8. Advocacy

Through the National Alopecia Areata Foundation (NAAF), which I discovered in 2017 (not 2014 as I Freudian-slipped in my video), I’ve volunteered as a Legislative Liaison, and have advocated for the passage of legislation targeted at enhanced insurance coverage for alopecians.  Specifically, there’s a bill going through the House called HR 2925, which would mandate that wigs be covered as prosthetics under Medicare.  The logic behind this bill is that changes to Medicare often pave the way to changes with other insurance carriers.  I’ve also advocated for increased research funding through the National Institutes of Health (NIH) in support of a cure or effective, easy treatment for alopecia.

As you may be able to appreciate, having a rare, physically altering disease for which there is no cure would benefit from, at the very least, a means of covering it up, not because we’re ashamed of what we look like without hair, but because having hair keeps us warm and protects our sensitive noggins from damage.  Functionally speaking, that’s important.  Emotionally speaking, losing and living without hair is life-changing, and causes others, regardless of how saintly they may be, to look at and treat us differently, if only for a split second.  I don’t know about you, but I’ve found those split seconds to be the longest.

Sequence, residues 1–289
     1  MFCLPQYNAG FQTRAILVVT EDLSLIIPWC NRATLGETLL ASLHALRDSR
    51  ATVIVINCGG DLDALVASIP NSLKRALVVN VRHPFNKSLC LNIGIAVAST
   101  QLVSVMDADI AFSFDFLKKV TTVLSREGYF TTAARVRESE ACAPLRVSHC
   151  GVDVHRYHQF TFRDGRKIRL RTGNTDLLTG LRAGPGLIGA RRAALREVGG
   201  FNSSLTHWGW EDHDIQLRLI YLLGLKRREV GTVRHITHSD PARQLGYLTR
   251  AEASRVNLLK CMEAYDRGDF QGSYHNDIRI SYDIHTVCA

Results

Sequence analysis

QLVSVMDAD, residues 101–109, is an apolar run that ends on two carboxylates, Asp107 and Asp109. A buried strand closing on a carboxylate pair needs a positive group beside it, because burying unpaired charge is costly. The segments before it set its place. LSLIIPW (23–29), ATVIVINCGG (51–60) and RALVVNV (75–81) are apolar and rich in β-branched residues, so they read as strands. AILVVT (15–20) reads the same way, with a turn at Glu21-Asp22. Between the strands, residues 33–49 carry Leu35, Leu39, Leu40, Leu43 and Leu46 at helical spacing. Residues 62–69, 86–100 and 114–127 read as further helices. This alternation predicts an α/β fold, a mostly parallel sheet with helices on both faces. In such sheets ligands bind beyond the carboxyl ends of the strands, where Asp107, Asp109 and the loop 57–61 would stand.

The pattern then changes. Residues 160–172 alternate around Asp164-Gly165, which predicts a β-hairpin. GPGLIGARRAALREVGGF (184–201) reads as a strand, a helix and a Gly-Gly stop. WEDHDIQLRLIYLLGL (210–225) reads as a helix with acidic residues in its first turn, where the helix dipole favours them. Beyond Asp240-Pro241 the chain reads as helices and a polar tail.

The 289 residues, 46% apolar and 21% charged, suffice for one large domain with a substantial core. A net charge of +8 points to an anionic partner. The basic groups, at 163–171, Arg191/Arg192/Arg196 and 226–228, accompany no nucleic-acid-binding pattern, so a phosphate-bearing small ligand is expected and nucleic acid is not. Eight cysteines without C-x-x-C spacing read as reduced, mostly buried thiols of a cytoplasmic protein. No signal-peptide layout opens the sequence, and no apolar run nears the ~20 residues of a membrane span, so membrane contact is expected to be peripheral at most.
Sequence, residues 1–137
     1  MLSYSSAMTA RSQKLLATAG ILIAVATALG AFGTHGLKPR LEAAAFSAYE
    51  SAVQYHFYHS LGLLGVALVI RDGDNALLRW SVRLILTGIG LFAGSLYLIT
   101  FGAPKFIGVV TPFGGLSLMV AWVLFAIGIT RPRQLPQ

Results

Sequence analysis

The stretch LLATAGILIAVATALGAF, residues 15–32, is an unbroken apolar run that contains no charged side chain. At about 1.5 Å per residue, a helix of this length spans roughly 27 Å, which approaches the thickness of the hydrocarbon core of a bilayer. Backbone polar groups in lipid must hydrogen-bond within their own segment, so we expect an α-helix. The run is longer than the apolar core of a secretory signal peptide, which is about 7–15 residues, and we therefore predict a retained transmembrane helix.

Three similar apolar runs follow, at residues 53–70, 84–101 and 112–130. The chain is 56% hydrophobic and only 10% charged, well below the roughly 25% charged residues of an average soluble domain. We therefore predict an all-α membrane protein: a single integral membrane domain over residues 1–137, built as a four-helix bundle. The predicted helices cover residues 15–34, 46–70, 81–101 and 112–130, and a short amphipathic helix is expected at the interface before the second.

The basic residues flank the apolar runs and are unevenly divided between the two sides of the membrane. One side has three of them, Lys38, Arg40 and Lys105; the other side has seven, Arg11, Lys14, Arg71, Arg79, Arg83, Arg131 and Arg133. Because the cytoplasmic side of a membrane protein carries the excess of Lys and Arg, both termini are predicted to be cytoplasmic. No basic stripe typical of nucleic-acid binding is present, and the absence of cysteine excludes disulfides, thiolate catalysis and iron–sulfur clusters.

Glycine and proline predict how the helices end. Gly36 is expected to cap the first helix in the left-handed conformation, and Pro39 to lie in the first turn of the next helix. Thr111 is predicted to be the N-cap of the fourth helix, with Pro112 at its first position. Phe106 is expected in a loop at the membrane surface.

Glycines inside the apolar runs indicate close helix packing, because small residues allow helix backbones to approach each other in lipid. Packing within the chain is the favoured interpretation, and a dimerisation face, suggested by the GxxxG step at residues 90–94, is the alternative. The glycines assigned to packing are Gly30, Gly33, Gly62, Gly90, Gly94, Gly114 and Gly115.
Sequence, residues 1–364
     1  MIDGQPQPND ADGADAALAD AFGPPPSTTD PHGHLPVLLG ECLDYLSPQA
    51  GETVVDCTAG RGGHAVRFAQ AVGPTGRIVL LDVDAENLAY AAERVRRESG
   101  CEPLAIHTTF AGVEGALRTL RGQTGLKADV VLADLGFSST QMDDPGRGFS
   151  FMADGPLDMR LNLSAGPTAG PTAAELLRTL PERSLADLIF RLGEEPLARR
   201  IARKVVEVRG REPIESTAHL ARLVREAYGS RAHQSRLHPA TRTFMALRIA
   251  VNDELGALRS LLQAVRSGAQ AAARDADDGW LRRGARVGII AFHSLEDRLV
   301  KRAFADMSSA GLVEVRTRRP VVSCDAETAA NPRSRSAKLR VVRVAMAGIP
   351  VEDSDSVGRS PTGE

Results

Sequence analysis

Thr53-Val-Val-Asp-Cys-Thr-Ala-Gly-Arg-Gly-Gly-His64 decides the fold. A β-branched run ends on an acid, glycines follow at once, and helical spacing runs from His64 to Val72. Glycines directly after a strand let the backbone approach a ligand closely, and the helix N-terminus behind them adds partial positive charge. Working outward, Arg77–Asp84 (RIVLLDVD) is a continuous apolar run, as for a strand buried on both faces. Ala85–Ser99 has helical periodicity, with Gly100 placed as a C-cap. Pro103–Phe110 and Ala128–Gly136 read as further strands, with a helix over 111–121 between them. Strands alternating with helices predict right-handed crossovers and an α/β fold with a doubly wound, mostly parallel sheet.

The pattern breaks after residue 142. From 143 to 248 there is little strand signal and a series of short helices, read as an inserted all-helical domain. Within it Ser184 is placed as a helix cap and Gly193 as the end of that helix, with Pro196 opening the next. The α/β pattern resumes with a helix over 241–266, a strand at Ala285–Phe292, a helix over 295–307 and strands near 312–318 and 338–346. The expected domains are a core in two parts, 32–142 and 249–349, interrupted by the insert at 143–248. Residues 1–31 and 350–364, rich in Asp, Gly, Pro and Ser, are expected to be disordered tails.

Because we’re usually the only person in a room who knows what alopecia is or how it affects people with the disease, we’re in a great position to inform those who are in positions to effect change.  I’m not one to toot my own horn, but talking with elected officials’ aides, who I was initially super intimidated by, has made me feel like ‘You know what, Chris?  You got this!’  Since you’re the expert on you, you can’t possibly screw up.  With that in mind, consider lending your voice to supporting this bill, and discovering alopecia’s kryptonite.

To see the youtube video associated with this post, click here.


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